Section 295 of the Children’s Act sets out guidelines for a court to consider when confirming a surrogacy agreement. The guidelines all refer to the requirements of the surrogate mother as well as the commissioning parents, save for S295(e), which states that the court must, in general, have regard for the personal circumstances and family situations of all the parties concerned.
In a recent case, Judge Neukircher took this requirement a step further and looked at whether surrogacy agreements adhere to the best interests of the child standard as per Section 28(2) of the Constitution. Not only as it relates to the unborn child whom the surrogate would be carrying, but further to the children already born to the parties involved.
The potential surrogate had already been a surrogate four times in the case. Once to the commissioning parents, who now have a 10-month-old child and wish to have another via the same surrogate. The surrogate has two children of her own, who are now aged 7 and 10.
The judge questioned how a surrogate pregnancy affected the surrogate mother’s child/children. They watched her pregnancy for nine months and knew she was carrying a child. They saw her going to the hospital to deliver the baby (and was away from them for a period after giving birth). Then the mother came back home without a baby in her arms. The court must protect the interests of these children.
 38 of 2005
 S295 states that a court may not confirm a surrogate motherhood agreement unless-
(a) the commissioning parent or parents are not able to give birth to a child and that the condition is permanent and irreversible;
(b) the commissioning parent or parents –
(i) are in terms of this Act competent to enter into the agreement;
(ii) are in all respects suitable persons to accept the parenthood of the child that is to be conceived; and
(iii) understand and accept the legal consequences of the agreement and this Act and their rights and obligations in terms thereof;
(c) the surrogate mother
(i) is in terms of this Act competent to enter into the agreement;
(ii) is in all respects a suitable person to act as surrogate mother;
(iii) understands and accepts the legal consequences of the agreement and this Act and her rights and obligations in terms thereof;
(iv) is not using surrogacy as a source of income;
(v) has entered into the agreement for altruistic reasons and not for commercial purposes;
(vi) has a documented history of at least one pregnancy and viable delivery;
(vii) has a living child of her own;
(d) the agreement includes adequate provisions for the contact, care, upbringing and general welfare of the child that is to be born in a stable home environment, including the child’s position in the event of the death of the commissioning parents or one of them, or their divorce or separation before the birth of the child; and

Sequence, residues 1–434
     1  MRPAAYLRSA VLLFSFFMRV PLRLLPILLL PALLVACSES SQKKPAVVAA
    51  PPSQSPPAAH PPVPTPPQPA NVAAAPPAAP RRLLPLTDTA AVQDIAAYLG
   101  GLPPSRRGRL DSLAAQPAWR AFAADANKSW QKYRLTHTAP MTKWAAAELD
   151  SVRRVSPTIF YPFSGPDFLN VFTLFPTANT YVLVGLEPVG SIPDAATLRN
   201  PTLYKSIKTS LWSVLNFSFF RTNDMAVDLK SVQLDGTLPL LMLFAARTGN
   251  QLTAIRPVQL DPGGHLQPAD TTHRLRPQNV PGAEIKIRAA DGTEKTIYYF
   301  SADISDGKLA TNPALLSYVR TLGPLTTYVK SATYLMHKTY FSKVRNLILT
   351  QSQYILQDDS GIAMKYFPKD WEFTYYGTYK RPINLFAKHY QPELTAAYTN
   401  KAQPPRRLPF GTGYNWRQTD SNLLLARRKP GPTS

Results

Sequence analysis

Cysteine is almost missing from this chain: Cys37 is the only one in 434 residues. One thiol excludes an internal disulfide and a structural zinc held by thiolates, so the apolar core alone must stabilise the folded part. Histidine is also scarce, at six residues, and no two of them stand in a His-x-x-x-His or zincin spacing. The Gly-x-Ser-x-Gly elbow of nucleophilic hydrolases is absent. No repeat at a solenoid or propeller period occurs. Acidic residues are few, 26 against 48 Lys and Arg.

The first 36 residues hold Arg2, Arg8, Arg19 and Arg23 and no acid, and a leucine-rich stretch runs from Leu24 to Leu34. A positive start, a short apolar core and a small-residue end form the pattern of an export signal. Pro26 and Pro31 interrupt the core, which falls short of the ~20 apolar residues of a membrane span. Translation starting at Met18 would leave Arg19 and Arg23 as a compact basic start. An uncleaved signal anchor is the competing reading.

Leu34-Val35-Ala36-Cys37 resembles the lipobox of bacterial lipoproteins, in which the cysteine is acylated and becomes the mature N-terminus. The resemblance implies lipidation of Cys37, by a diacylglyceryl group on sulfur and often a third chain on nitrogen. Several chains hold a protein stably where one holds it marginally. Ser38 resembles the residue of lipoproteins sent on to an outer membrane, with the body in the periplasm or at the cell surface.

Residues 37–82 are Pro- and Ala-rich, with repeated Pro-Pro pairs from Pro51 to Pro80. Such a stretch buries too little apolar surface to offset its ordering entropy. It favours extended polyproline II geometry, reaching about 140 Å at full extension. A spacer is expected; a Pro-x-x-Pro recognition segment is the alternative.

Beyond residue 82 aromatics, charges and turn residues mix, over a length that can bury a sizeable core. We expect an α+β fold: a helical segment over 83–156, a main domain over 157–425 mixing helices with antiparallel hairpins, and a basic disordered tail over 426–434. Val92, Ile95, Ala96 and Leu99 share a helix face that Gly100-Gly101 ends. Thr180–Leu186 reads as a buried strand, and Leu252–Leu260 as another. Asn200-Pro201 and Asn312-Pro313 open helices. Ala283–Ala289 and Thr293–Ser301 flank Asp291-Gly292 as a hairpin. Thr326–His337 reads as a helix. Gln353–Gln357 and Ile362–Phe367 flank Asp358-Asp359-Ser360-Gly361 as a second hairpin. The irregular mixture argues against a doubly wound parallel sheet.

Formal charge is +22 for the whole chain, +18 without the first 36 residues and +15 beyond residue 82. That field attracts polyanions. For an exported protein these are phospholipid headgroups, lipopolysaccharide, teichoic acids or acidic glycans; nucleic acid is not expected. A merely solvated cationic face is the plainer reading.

(e) in general, having regard to the personal circumstances and family situations of all the parties concerned, but above all the interests of the child that is to be born, the agreement should be confirmed.
 Ex Parte JCR and others
 “A child’s best interests are of paramount importance in every matter concerning the child”.
How does a court do that?
The judge further questioned the effect that the surrogate pregnancy might have on the children, if any, of the commissioning parent. In most surrogacy cases, if not all, there is an “at arm’s length” between the commissioning parents and the surrogate. Thus, the surrogate’s children do not have the advantage of processing that their mother is pregnant and that a baby will join their family in 9 months. In many cases, these children may suddenly have to contend with this “stranger” that now takes up their parents’ time and attention.
As the upper guardian of all children, Judge Neukircher made this order. In the future, the court should receive the following information to safeguard the interests of the surrogate as well as any existing child(ren) of the commissioning parents and the surrogate:
- that a clinical psychologist has consulted with the child(ren) of the commissioning parents to:
- prepare the child(ren) for surrogacy and the outcome.
- to make any recommendation that is in the interests of the child(ren), including whether they may need further therapy.
- report on the effect that any previous surrogacy has had on the children.